Key Concepts in MongoDB Authentication

This article tries to summarize all important concepts of MongoDB authentication in the official documentation. It was written based on MongoDB version 4.0.

Target Audience: software engineers experienced with MongoDB


MongoDB has two kinds of authentication:

MongoDB supports various authentication mechanisms:

In addition, MongoDB Enterprise also provides supports for additional Enterprise Authentication Mechanisms.

Internal Auth

Internal Auth is used to authenticate nodes within replica set or sharded clusters for all internal communication.


Enabling internal authentication also enables client authorization (Role-Based Access Control).

There are major two methods for internal auth:

Keyfiles Authentication

MongoDB can use keyfiles to authenticate communication between MongoDB nodes.

The contents of the keyfiles serve as the shared password for the members.


The content of the keyfile must be the same on all mongod and mongos instances that connect to each other. You must store the keyfile on each member of the replica set or sharded clusters.


  • MongoDB strips whitespace characters (e.g. x0dx09, and x20) for cross-platform convenience.
  • On UNIX systems, the keyfile must not have group or world permissions.

Keyfiles use SCRAM challenge and response authentication mechanism.

Enable Keyfiles Authentication

To specify the keyfile, set the security.keyFile setting in the config file or use --keyFile command line option.

Further reads for operational guide:


SCRAM stands for Salted Challenge Response Authentication Mechanism.

This article explains Challenge Response Authentication.

This article explains Salted Salted Challenge Response Authentication Mechanism.

x.509 Authentication

MongoDB supports x.509 certificate authentication for use with a secure TLS/SSL connection.

Overall, x.509 Authentication can be used in two ways:

  • Member certificate authentication: internal authentication, used to verify membership
  • Client certificate authentication: authenticate various MongoDB clients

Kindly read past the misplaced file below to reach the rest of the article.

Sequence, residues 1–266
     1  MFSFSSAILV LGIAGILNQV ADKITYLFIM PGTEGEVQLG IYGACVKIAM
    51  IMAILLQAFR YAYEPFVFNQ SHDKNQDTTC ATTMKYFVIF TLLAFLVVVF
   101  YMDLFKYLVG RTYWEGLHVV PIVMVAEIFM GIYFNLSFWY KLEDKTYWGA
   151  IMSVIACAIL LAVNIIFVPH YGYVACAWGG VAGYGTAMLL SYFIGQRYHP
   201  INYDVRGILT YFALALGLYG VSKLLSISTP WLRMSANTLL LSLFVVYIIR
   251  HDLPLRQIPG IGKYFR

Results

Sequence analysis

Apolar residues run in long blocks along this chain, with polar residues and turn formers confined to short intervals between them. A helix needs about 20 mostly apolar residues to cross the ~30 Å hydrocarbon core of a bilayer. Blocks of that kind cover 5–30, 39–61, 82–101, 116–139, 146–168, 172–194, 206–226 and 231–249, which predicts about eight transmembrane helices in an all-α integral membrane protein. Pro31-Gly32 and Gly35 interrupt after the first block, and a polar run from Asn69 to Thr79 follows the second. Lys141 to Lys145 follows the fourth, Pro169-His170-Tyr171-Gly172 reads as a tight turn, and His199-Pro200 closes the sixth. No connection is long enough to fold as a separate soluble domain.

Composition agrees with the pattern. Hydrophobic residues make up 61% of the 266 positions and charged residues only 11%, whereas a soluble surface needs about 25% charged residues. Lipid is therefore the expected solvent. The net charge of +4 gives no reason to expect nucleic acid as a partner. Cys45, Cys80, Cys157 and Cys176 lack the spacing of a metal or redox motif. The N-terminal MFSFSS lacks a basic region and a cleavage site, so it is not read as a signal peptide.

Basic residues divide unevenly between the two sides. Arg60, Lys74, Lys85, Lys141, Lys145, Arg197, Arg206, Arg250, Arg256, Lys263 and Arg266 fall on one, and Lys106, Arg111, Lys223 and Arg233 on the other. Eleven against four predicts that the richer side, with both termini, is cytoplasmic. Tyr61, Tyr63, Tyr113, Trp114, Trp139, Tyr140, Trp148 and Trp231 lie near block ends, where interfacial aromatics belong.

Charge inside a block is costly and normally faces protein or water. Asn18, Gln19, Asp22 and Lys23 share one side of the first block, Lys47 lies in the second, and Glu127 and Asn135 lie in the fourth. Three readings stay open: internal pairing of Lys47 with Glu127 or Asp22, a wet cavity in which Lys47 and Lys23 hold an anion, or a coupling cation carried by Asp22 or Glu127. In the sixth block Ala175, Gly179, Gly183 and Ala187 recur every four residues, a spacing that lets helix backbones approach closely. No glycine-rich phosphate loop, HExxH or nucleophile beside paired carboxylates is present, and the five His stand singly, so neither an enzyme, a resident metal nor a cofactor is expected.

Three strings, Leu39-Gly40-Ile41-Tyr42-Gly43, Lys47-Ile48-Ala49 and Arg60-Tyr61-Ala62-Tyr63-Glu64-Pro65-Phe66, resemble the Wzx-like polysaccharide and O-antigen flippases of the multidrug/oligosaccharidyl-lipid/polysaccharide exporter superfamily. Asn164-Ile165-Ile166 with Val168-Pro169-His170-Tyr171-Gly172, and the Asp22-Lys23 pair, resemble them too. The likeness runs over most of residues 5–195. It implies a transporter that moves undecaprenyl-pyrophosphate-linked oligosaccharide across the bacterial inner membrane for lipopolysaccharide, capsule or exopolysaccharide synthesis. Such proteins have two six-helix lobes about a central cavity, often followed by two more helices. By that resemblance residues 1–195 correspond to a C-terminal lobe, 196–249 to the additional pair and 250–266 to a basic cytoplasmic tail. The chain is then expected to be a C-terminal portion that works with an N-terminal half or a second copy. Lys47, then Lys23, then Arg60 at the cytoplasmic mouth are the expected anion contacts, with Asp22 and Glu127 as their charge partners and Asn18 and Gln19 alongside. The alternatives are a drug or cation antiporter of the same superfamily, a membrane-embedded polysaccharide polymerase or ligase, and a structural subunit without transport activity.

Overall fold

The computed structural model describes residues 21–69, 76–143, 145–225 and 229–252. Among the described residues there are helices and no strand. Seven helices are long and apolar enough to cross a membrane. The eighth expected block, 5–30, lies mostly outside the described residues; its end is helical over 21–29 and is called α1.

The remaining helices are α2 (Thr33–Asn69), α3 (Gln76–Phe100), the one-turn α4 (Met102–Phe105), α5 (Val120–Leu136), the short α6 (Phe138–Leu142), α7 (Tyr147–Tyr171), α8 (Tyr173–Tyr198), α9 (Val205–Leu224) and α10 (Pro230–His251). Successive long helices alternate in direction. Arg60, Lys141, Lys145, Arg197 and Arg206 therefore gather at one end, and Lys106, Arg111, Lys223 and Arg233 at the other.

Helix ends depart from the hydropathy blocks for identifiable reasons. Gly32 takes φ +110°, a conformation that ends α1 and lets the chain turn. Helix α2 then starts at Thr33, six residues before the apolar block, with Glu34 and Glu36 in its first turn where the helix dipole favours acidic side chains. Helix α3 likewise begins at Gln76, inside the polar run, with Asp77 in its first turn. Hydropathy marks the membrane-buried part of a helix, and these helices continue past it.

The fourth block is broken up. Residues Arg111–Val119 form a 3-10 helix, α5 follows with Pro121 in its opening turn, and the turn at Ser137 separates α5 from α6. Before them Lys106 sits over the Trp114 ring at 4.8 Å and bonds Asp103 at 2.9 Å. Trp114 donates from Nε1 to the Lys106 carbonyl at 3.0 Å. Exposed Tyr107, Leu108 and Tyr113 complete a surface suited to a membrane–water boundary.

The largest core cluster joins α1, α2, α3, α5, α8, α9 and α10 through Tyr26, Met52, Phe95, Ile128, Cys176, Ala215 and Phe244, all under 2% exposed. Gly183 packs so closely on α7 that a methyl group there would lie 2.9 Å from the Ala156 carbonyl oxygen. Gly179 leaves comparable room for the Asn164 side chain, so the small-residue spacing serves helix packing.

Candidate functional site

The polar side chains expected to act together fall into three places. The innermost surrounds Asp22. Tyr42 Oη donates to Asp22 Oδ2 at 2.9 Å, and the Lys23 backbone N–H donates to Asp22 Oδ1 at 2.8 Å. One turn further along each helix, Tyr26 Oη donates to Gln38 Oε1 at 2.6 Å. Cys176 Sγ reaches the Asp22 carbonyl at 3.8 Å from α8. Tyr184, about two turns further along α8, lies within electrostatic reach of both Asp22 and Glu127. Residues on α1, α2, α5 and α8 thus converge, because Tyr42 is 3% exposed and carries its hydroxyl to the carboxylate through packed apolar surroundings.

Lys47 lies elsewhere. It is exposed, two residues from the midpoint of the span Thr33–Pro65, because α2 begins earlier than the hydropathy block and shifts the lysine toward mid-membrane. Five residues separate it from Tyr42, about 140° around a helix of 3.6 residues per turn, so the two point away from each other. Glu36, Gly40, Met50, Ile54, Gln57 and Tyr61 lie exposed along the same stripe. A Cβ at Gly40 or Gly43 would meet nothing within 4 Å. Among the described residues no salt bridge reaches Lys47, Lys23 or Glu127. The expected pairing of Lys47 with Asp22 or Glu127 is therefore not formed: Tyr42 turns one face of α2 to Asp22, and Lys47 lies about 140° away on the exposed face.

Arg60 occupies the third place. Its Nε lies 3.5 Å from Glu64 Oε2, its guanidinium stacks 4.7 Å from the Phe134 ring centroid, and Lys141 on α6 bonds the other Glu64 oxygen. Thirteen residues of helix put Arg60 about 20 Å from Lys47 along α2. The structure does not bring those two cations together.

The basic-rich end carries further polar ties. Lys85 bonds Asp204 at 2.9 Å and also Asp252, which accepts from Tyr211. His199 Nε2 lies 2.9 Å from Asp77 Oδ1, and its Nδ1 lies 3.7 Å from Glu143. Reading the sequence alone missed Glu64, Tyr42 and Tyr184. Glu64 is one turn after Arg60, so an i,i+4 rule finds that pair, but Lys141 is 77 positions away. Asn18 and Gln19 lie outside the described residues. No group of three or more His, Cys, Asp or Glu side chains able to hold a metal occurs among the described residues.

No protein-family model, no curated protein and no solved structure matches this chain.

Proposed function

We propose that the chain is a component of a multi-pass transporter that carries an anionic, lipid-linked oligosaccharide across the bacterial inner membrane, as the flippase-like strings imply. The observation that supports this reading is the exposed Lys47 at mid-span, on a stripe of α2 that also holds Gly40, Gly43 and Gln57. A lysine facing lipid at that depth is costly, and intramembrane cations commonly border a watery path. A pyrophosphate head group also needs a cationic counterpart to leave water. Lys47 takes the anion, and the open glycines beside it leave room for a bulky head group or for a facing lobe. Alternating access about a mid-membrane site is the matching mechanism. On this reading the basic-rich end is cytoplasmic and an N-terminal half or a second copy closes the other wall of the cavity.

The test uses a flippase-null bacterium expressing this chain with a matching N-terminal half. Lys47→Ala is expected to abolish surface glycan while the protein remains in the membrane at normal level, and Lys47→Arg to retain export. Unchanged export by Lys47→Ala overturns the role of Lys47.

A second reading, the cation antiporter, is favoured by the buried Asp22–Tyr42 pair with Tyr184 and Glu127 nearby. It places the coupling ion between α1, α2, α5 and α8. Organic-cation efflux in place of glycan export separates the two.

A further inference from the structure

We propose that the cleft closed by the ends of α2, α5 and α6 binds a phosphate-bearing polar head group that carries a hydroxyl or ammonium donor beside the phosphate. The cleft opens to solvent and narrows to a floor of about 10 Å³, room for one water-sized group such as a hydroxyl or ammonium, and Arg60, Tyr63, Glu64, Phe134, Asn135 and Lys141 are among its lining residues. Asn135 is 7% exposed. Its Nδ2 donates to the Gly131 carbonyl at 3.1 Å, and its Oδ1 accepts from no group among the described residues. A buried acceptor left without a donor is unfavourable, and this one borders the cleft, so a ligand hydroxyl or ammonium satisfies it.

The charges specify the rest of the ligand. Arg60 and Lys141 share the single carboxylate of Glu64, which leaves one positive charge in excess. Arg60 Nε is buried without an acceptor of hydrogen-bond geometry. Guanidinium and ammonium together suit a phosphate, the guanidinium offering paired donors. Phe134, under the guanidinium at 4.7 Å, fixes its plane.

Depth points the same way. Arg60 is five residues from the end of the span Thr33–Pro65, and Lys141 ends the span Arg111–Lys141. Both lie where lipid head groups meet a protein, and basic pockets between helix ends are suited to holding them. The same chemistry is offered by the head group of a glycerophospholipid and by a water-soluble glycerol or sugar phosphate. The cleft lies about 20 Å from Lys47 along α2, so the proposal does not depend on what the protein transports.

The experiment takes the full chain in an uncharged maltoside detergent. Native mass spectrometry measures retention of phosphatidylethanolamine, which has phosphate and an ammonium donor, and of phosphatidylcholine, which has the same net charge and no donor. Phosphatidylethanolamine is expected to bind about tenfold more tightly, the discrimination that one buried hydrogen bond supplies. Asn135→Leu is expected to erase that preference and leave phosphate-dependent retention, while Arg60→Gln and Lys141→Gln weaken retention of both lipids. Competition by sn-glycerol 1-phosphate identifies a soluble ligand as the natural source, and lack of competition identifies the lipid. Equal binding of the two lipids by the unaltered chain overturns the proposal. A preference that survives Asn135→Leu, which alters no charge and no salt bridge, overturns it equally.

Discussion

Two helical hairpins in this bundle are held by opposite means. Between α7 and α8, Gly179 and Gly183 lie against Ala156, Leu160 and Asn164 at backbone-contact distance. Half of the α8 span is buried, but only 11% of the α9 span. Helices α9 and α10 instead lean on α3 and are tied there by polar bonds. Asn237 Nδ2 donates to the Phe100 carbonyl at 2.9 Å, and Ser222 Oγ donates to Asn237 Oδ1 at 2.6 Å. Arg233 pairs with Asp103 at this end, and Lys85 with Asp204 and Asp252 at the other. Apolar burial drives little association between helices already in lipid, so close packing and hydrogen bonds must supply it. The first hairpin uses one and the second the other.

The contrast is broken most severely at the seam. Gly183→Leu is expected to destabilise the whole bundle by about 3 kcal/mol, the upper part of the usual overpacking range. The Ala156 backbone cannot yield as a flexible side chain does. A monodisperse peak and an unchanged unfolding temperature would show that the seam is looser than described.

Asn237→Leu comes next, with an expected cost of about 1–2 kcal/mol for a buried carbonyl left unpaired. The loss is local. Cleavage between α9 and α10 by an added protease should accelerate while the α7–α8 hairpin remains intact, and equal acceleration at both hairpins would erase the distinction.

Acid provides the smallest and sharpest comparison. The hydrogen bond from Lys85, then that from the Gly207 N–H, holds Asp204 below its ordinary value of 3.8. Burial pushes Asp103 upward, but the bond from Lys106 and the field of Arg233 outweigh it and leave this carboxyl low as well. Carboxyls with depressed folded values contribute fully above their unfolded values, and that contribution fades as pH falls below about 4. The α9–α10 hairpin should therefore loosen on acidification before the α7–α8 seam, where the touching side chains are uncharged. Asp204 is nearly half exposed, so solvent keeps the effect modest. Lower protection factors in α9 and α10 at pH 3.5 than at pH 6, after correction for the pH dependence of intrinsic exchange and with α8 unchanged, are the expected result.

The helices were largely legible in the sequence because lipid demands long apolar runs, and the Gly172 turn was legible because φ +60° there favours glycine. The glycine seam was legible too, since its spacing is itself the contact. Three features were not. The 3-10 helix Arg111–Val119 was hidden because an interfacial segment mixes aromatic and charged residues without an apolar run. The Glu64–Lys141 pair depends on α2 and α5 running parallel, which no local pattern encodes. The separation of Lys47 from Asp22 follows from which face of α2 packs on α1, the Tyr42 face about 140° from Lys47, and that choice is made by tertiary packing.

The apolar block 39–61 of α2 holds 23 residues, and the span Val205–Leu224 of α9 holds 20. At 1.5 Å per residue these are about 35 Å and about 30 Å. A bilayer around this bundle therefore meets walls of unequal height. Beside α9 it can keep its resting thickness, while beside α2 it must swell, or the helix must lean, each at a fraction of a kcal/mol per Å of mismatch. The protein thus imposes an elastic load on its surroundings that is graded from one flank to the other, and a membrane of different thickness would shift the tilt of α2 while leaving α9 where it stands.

Member Certificate Requirements

The member (node) certificate, used for internal authentication to verify membership, must follow certain requirements.


To specify x.509 for member certificate (internal) authentication, in addition to other TLS/SSL configurations appropriate for your deployment, for each member of the replica set or sharded cluster, include either:

Client Certificate Configuration

The mongod and mongos need to specify a PEMKeyFile to prove its identity to clients, either through net.ssl.PEMKeyFile setting in the config file or --sslPEMKeyFile command line option.

Further read: Member Certificate and PEMKeyFile

Specify Authentication Mechanism

There are three ways to specify authentication mechanism:

  1. Set the authenticationMechanisms parameter for mongodand mongos.
  • E.g. mongod --setParameter authenticationMechanisms=PLAIN,SCRAM-SHA-256 --auth
  1. Clients can specify the authentication mechanism in the db.auth() method.
  2. For the mongo shell and the MongoDB tools, you can also specify the authentication mechanism from the command line.

User Auth

To authenticate a client (mongo shell, mongo client driver etc), you must add a corresponding user to MongoDB.

Access Control

When adding a user, you can assign roles to the user in order to grant privileges.

MongoDB provides built-in roles and user-defined roles.

Built-in roles

User Roles

  • read
  • readWrite

DB Administration Roles

Cluster Administration Roles

Backup and Restoration Roles

All-Database Roles

All-DB roles are available on the admin database and provide privileges which apply to all databases except local and config:

Superuser Roles

Internal Role

Collection-Level Access Control

Administrators can implement collection-level access control through user-defined roles

Authentication Database

When adding a user, you create the user in a specific database. This database is the authentication database for the user.


A user’s privileges are not limited to their authentication database. By assigning to the user roles in other databases, a user created in one database can have permissions to act on other databases. 


The user’s name and authentication database serve as a unique identifier for that user. That is, if two users have the same name but are created in different databases, they are two separate users.

Authenticate a User

To authenticate as a user, you must provide a username, password, and the authentication database associated with that user.

Centralized User Data

MongoDB stores all user information, including name, password, and the user's authentication database, in the system.users collection in the admin database.

Do not access this collection directly but instead use the user management commands.

Sharded Cluster User

mongos should be used to create users for a sharded cluster. Then, clients authenticate these users through the mongos instances.

Localhost Exception

The localhost exception allows you to enable access control and then create the first user in the system.

The localhost exception applies only when there are no users created in the MongoDB instance.

In the case of a sharded cluster, the localhost exception applies to each shard individually as well as to the cluster as a whole. 

Further reads: